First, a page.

For a good view from the palazzo go up to the loggia from where you can see for miles, beyond the city into the countryside.
Torre del Mangia, located by the Palazzo Comunale, the bell tower affording great views of Siena only allows 30 people up at a time. It is certainly worth the high climb. The 102m tower was designed in the Sienese style in 1344 and was a real triumph of engineering at the time.

Other great monuments to visit around the Piazza del Duomo, besides the cathedral are:
The Libreria Piccolomini which houses the collection of books that Enea Silvio Piccolomini (Pious II) left and that his nephew Pius III decided to keep in this library constructed especially to do so.
The hall was frescoed by Pinturicchio whose work show different events during those times. The hall is crowned by the Three Graces, a reproduction of a 3rd century Greek piece.
The Museo dell’Opera Metropolitana also known as the Museo dell’Opera Duomo sitting by the cathedral displays the original façade statues by Giovanni Pisano. As they were made to be seen from below as the faithful entered the cathedral they stretch forward and look rather unnatural.
The Majesty by Duccio di Buoninsegna was created in the 1300s. It was made to be placed on the high altar. Some parts of the panels depict Jesus preaching, praying or being kissed by Judas and being abandoned. Two nearby rooms house Jacopo della Quercia’s statues of the Fonte Gaia and another displays illustrations of the marble floor built in the 19th century.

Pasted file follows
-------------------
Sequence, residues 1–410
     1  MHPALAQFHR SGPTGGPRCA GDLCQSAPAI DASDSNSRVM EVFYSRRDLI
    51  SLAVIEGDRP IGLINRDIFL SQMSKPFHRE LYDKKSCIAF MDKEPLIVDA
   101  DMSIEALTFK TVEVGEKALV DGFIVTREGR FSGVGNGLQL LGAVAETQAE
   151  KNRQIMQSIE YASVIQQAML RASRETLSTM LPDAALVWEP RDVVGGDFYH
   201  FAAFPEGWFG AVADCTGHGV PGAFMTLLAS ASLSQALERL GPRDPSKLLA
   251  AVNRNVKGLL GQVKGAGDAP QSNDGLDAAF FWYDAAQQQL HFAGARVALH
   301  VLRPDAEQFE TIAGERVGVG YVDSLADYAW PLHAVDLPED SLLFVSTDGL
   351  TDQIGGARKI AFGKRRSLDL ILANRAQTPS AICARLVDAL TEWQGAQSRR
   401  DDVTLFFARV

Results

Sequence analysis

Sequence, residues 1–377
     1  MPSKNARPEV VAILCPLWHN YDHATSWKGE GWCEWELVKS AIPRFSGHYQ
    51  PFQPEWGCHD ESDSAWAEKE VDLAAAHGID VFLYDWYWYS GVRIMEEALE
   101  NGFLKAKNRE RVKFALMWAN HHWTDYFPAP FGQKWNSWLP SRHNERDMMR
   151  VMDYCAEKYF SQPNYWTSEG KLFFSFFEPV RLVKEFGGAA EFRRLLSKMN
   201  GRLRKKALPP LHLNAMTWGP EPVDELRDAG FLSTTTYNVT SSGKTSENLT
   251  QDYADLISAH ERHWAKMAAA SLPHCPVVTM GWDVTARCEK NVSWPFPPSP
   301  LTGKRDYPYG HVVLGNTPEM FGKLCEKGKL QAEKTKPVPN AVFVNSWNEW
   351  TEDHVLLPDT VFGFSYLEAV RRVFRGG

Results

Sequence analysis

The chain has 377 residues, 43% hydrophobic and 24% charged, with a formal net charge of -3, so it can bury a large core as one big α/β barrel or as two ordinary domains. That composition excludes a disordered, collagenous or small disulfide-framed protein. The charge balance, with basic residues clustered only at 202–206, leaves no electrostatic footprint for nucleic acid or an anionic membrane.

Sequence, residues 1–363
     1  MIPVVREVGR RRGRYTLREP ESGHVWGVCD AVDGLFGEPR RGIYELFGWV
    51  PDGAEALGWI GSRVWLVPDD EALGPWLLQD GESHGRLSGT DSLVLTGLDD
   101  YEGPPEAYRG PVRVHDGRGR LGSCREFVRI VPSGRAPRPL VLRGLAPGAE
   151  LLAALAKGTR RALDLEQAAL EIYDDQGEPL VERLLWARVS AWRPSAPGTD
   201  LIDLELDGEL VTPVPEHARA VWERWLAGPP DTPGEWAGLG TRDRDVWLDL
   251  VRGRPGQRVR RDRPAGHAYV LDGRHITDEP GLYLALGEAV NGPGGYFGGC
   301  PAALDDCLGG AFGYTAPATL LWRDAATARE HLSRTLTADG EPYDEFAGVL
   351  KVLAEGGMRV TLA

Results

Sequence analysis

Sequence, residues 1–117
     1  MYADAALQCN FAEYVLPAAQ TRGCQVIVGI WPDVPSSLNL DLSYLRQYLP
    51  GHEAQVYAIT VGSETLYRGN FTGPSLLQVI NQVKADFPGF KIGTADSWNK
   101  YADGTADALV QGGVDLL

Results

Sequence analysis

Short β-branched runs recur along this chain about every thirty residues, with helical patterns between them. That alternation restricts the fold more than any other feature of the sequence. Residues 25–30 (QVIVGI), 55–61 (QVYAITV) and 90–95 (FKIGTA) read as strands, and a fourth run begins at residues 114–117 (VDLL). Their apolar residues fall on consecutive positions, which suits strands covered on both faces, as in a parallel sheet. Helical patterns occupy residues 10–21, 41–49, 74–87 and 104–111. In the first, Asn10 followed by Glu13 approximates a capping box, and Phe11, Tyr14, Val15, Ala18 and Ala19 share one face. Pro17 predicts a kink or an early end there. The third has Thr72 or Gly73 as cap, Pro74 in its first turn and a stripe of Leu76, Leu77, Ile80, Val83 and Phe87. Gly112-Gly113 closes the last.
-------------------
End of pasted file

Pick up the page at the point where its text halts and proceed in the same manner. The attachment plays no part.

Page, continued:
Ambrogio Lorenzetti, Simone Martini and Taddeo di Bartolo’s works, tapestries and manuscripts are showcased on the upper levels.
Underneath the cathedral to the north is a crypt which remained filled with rubble for 7 centuries. Fortunately it was opened at the beginning of the 21st century, it is decorated with 13th century mural painting which covers 180 sq-m of biblical scenes.

The Baptistry of Saint John is located on Piazza San Giovanni. Its still not completed façade is an example of true Gothic magnificence and its interior full of frescoes. The apse has been decorated with frescoes representing the main events of Jesus´ life. The one portraying Jesus holding his cross has a particularly interesting background which shows buildings such as Brunelleschi’s Florentine dome and the campanile created by Giotto. In the rivalry between the Sienese and Florentines the Sienese were apparently trying to pin the blame on the Florentines for Jesus´suffering.
It could be said that the font is the most important element in this building.  It was created by Jacopo della Quercia who has represented the main events in Saint John the Baptist’s life. They were made in bronze relief panels. It is impossible not to admire the Baptism of Christ and Saint John in Prison by Lorenzo Ghiberti and Herod’s Feast by Donatello.